Dating on either side of my Wolf I found this very nifty Knickerbocker example which is earlier and although more primitive I would have snatched up in a minute as well. This one, shown below from a Hake’s auction back in 2013. I find his bear-like simple look very appealing in a different way.

 

 

Hake’s also had this listing shown below for a later Lars Wolf, probably made after mine, and Three Little Pigs.

 

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Better view of the Lars version.

 

This lead me down a charming rabbit hole of Mel Birnkrant’s website (always a great read) and his great story about acquiring his Lars Mickey, Big Bad Wolf and other toys. It can be found here and I highly recommend it. Mel did a drawing for a really smash up alternative version shown there as well.

Meanwhile, I also include an alternative universe Wolf that appears to be an unlicensed version, but clearly got around as I found several examples. It is shown as listed on Morphy’s auctions below. It might be a slight exaggeration to say these abound, but they seem to get around more than some of the others. I especially like his tuxedo!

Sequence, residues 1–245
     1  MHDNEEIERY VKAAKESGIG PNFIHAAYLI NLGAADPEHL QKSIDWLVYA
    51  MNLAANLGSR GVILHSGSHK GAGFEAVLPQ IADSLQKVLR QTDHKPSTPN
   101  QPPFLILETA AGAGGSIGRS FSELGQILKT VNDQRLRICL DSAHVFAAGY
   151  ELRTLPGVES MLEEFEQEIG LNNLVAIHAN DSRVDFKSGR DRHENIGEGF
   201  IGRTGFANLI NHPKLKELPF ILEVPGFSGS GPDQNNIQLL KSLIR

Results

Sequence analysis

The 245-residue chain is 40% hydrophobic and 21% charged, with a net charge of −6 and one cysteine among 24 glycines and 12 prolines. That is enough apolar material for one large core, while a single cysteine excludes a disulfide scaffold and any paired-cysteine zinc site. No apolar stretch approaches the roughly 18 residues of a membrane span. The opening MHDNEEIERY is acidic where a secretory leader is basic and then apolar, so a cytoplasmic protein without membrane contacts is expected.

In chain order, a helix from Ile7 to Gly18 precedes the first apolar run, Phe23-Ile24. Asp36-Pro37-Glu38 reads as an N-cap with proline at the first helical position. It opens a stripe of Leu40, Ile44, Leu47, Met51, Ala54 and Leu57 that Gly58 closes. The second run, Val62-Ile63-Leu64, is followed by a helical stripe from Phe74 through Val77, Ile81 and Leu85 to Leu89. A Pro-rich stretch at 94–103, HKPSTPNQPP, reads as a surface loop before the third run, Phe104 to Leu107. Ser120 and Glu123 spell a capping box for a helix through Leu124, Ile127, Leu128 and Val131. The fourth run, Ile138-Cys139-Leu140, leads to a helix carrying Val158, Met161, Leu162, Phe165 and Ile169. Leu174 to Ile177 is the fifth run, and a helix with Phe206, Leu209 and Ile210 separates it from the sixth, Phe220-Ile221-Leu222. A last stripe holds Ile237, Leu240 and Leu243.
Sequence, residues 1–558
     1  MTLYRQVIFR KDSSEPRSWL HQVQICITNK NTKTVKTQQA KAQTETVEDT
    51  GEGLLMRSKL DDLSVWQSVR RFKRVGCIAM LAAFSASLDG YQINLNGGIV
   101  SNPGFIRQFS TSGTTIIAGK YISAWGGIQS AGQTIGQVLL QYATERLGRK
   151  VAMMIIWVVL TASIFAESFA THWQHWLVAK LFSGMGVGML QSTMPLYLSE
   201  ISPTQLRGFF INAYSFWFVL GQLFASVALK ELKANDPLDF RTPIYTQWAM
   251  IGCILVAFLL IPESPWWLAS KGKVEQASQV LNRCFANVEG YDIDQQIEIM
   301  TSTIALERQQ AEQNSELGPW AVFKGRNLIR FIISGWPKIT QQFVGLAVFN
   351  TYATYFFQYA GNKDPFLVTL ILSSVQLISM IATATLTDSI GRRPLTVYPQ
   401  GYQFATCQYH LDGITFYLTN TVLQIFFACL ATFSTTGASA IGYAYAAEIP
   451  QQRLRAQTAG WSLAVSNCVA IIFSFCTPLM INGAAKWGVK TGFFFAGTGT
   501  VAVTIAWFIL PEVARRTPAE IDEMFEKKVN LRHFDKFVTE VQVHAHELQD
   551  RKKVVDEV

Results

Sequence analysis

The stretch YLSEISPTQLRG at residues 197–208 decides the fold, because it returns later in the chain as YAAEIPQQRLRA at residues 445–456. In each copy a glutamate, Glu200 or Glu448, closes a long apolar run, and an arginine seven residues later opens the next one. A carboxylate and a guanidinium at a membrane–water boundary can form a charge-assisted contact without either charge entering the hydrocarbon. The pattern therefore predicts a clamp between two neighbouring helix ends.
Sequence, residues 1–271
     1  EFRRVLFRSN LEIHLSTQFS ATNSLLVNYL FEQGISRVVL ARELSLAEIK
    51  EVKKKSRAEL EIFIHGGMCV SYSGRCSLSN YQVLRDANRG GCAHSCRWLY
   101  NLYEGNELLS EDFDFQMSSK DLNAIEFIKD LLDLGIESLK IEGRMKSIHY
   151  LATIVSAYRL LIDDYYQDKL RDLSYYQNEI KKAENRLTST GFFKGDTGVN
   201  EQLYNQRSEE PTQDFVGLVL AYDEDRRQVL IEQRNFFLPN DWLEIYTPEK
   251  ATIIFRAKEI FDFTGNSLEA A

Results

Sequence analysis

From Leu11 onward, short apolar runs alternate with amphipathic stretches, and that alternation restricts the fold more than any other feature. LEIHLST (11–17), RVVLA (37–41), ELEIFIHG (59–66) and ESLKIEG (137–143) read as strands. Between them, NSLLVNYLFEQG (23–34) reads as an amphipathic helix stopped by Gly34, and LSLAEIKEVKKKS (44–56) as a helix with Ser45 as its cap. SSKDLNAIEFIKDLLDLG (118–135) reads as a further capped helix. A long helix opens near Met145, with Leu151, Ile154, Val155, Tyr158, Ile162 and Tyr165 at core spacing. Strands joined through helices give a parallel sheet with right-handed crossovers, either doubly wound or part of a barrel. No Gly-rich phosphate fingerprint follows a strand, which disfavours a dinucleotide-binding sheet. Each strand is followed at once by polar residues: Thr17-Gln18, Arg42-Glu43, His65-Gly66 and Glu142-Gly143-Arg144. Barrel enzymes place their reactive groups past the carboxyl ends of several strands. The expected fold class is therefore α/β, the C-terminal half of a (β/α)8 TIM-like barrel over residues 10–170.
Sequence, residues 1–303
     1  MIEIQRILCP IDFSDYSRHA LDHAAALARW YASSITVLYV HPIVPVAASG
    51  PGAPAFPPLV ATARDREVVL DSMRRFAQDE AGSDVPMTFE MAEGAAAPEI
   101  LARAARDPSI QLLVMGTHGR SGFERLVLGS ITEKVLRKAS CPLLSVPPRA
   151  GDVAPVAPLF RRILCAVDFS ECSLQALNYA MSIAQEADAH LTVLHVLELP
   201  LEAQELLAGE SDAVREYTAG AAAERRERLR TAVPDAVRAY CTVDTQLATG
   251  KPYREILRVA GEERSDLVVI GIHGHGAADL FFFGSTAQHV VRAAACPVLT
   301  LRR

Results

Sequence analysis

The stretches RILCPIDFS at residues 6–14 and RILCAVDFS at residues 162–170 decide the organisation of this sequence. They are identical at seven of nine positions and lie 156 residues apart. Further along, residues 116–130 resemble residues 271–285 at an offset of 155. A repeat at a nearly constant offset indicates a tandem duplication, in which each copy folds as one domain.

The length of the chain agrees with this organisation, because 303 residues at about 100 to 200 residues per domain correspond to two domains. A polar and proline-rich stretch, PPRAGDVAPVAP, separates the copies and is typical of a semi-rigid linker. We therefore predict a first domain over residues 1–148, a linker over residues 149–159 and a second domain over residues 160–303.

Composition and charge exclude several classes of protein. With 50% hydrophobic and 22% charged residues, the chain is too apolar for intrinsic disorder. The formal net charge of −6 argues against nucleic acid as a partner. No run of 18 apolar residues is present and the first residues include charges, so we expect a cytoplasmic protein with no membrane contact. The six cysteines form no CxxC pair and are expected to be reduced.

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Back on my birthday in 2018 I purchased the Little Pig below and wrote about him here.

Still pic of pig

Getting to the main event, my doll has some really splendid detail such as his felt tongue sticking out. I love his strangely spiky toothies and toy nails. He appears to be made of wool felt with cotton clothing and hands. His pre-tattered clothing has a few repairs and there are some moth holes on the soles of his feet, but otherwise he is in remarkably good shape. Details include some delicate coloring in this cheeks and on his toes and those strange painted eyes and I have to say he made me laugh out loud when I first unpacked him.

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Detail of Big Bad Wolf from Pams-Pictorama.com collection

 

He is unexpectedly articulated with a head that turns a bit and arms with full range; he does not stand as his legs are not movable and is permanently in a seated position. He is very jolly though and cheered me up immensely while confined to bed with my bad back this weekend.